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‘Narcissistic parents have one face for everyone else and one face for the scapegoat child’

Surely an entire family can’t be wrong? The first step is to consider that they might be

In January, 2016, on his morning RTÉ radio show, Ryan Tubridy read a letter from a listener. It described encounters with people over the Christmas holidays who no longer had contact with a family member, such as a parent. It provoked an outpouring of correspondence from listeners. Some said they cut ties to preserve their mental health after years of battling an intolerable dysfunctional relationship, often with a narcissistic parent. The word narcissism came up over and over again.

The following day, clinical psychologist Dr Keith Gaynor came on air to discuss the topic. He called it “Ireland’s hidden secret”. Some people, he said, are born to parents who are unable to love them. We are programmed instinctively to seek maternal love, will do anything to evoke it, sometimes hanging on to an unhealthy relationship, chasing a glimmer. But, he explained, when a family relationship is toxic, the best thing to do is walk away. To observers, the break seems sudden, he said, but the behaviour is chronic.

“Narcissistic parents have one face for everyone else and one face for the scapegoat child,” wrote one person. “Often the adult scapegoat decides for their own mental wellbeing to go no-contact. However, these parents are masters at recruiting flying monkeys, even turning siblings against the scapegoat.”


The term “scapegoat” originates in an ancient practice. Every year at Yom Kippur, the ancient Israelites drove a goat into the desert to perish. The goat’s expulsion represented the banishing of all things bad, a symbolic purging of sin, guilt, wrongdoing, all the negativity that builds up in people and societies. The goat was innocent, but was selected to benefit the group by a process that Freud would centuries later describe as “defensive projection” – transferring unpalatable aspects of ourselves on to another object or person.


A scapegoat is a person, or group, who is blamed for another’s faults or problems. Historic examples might include the Nazi attempt to purge society of Jewish and other minorities, blaming them for economic downfall and for destroying the fabric of German society. After the 9/11 terrorist attacks, Muslim culture was identified by some as the cause of terrorism.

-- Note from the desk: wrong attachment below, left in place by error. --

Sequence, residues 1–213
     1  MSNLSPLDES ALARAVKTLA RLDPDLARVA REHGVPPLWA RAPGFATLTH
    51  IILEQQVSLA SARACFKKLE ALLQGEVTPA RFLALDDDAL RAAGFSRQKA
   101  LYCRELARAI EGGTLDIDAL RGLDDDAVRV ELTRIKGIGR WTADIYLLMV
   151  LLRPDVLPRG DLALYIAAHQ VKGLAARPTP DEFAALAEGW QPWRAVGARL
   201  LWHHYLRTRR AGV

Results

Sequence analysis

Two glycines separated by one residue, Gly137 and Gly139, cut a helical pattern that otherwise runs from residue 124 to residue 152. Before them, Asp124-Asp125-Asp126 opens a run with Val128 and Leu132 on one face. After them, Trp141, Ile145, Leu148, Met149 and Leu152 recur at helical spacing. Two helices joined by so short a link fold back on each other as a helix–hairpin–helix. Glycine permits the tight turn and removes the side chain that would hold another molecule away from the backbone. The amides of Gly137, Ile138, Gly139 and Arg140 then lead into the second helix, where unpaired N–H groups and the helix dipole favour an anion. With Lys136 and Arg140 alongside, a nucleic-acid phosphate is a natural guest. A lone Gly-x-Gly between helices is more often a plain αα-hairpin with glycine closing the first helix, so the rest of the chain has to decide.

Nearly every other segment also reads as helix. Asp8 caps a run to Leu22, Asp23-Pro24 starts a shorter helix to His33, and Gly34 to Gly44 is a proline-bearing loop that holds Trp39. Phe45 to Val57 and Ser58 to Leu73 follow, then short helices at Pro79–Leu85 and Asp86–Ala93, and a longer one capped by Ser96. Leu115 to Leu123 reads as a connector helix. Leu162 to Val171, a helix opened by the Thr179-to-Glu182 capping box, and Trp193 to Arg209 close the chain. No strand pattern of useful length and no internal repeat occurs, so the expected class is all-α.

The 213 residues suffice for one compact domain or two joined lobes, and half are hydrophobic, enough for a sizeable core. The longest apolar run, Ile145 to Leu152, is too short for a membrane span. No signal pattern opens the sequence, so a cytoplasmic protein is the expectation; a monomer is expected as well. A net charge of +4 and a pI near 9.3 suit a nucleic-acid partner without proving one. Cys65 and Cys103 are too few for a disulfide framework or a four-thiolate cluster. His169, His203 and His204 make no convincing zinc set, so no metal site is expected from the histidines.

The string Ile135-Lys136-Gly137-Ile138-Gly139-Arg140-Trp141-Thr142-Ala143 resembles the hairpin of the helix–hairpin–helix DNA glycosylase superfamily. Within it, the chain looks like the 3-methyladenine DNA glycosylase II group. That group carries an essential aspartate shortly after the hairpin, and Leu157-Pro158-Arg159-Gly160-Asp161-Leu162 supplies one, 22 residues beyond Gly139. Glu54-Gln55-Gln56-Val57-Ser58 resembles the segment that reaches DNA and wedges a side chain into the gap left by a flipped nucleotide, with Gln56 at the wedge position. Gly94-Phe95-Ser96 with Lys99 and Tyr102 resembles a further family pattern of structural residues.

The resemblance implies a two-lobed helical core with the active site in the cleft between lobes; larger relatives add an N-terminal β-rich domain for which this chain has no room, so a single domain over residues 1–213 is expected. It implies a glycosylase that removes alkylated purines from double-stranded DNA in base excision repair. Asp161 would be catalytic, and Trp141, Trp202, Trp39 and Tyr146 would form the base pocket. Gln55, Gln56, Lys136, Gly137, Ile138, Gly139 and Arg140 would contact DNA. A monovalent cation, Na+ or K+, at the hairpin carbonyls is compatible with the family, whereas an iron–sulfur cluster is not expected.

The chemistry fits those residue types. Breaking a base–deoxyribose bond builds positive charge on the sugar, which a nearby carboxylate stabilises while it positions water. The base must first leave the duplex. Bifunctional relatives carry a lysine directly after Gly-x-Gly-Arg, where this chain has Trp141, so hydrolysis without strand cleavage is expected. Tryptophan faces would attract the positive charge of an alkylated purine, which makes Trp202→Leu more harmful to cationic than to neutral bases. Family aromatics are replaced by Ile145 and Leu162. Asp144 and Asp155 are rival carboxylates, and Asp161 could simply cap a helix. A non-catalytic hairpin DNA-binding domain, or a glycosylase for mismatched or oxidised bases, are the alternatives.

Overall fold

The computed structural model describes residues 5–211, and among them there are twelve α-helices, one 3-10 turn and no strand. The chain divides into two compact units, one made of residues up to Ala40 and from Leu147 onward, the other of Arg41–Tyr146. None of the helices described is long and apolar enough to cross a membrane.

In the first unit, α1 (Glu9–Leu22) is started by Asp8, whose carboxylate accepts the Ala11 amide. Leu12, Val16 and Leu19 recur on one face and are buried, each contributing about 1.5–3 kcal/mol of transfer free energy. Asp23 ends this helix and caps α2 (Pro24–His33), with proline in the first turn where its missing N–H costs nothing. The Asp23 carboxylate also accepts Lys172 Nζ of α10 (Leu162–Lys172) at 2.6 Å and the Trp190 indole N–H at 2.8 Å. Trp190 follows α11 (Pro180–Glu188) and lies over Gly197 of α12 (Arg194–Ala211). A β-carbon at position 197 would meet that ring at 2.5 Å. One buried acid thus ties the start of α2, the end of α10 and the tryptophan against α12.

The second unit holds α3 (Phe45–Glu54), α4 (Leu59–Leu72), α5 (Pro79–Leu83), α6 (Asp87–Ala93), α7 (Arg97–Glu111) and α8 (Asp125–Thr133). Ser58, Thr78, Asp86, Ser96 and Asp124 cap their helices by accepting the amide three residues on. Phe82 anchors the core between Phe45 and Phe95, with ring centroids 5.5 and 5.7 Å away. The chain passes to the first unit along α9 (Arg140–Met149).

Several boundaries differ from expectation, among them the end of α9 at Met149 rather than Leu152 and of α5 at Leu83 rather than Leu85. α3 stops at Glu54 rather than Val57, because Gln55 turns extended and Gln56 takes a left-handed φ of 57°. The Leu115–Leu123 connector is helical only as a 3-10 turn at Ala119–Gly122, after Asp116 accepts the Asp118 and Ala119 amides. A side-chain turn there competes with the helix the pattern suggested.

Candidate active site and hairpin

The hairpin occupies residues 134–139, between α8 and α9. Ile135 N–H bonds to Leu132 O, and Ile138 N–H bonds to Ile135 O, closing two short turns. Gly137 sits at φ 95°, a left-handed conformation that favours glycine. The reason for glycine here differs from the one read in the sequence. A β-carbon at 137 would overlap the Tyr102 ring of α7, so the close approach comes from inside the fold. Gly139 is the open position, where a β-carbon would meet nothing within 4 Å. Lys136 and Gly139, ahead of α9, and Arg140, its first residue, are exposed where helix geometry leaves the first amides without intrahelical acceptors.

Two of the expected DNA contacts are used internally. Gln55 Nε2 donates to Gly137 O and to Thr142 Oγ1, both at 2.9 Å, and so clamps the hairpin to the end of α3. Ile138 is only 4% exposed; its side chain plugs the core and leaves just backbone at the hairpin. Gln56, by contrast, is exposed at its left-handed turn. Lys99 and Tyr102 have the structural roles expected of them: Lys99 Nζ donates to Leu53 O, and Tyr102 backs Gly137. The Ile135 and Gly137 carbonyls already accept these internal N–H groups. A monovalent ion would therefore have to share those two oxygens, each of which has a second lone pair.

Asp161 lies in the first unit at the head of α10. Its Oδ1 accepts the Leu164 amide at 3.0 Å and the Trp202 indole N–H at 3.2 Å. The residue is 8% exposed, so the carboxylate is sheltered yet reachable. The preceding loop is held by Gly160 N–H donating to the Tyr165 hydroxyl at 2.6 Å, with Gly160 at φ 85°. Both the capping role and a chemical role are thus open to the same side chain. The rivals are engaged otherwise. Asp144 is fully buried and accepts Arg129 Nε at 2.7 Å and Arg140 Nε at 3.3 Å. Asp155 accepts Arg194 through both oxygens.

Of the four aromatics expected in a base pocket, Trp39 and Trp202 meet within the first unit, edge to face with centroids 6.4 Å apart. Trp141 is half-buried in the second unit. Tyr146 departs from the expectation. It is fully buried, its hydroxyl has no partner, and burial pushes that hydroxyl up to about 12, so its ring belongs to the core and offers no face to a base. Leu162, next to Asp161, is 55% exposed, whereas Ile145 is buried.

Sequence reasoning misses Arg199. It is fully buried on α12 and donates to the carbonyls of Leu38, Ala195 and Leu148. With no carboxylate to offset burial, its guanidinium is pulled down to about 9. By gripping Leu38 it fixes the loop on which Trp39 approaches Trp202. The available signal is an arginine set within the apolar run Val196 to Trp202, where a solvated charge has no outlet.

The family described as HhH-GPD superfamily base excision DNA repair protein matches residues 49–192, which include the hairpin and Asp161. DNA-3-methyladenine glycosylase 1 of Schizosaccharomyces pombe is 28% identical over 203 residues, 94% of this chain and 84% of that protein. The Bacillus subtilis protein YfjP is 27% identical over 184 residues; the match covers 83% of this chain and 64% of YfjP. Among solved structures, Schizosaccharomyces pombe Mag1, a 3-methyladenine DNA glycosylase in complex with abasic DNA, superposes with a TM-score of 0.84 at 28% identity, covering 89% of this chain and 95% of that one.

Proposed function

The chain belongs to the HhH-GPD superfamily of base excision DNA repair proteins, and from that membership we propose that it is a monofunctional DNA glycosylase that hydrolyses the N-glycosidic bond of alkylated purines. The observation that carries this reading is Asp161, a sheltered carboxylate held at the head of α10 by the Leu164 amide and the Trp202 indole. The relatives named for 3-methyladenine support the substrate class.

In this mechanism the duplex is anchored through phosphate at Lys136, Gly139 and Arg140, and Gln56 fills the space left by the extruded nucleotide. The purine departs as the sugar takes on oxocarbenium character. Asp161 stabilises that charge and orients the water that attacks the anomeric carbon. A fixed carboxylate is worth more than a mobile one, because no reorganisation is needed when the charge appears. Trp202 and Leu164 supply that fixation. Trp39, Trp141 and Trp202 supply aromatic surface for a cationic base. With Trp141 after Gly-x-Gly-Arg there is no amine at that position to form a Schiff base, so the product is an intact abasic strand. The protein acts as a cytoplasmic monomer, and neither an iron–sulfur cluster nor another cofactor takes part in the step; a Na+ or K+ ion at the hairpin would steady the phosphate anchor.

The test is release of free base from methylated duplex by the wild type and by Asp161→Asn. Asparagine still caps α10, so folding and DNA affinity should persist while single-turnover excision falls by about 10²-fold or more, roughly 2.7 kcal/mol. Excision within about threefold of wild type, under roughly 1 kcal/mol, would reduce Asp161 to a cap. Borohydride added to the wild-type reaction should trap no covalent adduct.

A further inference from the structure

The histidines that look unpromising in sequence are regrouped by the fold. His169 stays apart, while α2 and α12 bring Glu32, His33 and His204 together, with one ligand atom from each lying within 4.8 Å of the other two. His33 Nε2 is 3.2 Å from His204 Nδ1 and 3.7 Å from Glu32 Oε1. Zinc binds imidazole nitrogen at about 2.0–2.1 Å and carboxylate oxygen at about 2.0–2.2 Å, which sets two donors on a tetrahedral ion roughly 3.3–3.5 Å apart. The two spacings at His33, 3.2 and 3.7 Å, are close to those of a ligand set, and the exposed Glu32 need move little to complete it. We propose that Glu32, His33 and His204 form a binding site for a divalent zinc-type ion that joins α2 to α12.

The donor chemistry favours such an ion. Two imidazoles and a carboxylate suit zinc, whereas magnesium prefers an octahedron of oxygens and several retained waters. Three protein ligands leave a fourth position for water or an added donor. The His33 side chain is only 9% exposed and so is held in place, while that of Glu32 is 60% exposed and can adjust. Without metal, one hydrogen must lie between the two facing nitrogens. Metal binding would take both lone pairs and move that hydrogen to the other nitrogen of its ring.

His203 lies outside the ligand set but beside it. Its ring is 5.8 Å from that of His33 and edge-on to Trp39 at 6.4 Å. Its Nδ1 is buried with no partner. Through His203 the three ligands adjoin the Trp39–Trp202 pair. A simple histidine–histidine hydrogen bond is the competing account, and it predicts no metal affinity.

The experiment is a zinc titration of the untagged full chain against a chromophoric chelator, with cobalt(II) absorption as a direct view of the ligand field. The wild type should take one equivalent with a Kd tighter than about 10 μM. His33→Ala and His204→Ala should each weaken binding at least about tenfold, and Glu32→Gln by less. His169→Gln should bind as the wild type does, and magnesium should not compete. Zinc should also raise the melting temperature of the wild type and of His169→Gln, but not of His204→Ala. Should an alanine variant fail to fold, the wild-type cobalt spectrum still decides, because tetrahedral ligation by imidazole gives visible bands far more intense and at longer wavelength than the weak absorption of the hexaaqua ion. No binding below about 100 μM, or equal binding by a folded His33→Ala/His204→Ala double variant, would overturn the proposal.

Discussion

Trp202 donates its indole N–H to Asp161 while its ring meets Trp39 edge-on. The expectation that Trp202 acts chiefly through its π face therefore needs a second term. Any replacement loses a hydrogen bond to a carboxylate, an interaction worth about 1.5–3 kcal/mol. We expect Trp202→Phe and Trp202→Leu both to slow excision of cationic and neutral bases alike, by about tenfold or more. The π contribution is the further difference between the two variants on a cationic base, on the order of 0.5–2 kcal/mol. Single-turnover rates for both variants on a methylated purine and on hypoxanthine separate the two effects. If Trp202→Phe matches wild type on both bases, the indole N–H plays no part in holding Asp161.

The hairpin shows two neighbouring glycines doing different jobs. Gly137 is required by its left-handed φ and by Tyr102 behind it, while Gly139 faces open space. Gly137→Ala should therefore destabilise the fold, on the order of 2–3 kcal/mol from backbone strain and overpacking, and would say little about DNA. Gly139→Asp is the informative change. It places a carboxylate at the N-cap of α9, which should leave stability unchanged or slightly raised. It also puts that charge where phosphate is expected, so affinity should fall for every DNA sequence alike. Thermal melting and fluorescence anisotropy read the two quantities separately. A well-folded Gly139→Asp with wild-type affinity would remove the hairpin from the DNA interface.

Scapegoating is to no small extent a blame game.

Family scapegoating

Dr Jane Hollingsworth, a clinical psychologist in Virginia, US, describes family scapegoating as typically involving a needy, narcissistic parent (often the mother) whose ego is grounded in portraying a certain image. A child who threatens this image is targeted by the parent to make them comply. What constitutes a threat can be a seemingly innocuous detail – birth order, similarities, differences, physical appearance, even the child having a birth date close to that of the narcissistic parent. The scapegoat child, for whatever reason, evokes a negative feeling in the parent – jealousy, dislike, regret – that the parent is unable to confront in themselves and is socially unacceptable. A more palatable explanation is that the child is to blame, and must change or be punished.

Dr Hollingsworth describes a case where a girl was scapegoated by her mother due to her resemblance to the husband who had abandoned her. The mother denied the child privileges compared to the other children, locking her in a closet for weeks at a time to make her behave. In another case, the perpetrator, an educated and well-respected figure in the community, scapegoated a stepchild who continued to miss his biological mother and refused to call her “mom”. The boy was fed less than his siblings, given fewer privileges and kept for a year out of school as he wasn’t good enough to go. Siblings are drawn into the parent’s perspective, blaming the child. Dr Hollingsworth found that families where a child is related to one of the parents only, such as a stepchild, are more prone to scapegoating. Mistreatment can be less overt, harder to identify, never reaching social services.

However, Dr Hollingsworth finds there are common themes in scapegoating families.

  1. The scapegoating parent is a fragile, needy, often narcissistic personality.
  2. A difference is noted in one child, who threatens the parent’s image and the family myth. The child may evoke a response the parent cannot accept in herself, such as jealousy or spite. She blames the child for evoking these feelings.
  3. The victim is targeted for not reflecting the “good-motherness” ideal.
  4. A double standard is set up with different rules for the scapegoat.
  5. The victim reacts to this underserved treatment.
  6. The parent distorts reality to negate the victim’s reality and presents the victim as the cause of the strife and of the narcissistic wounding of the parent.
  7. The victim reacts even more negatively, compounding the view both to themselves and others that they are the “bad one”.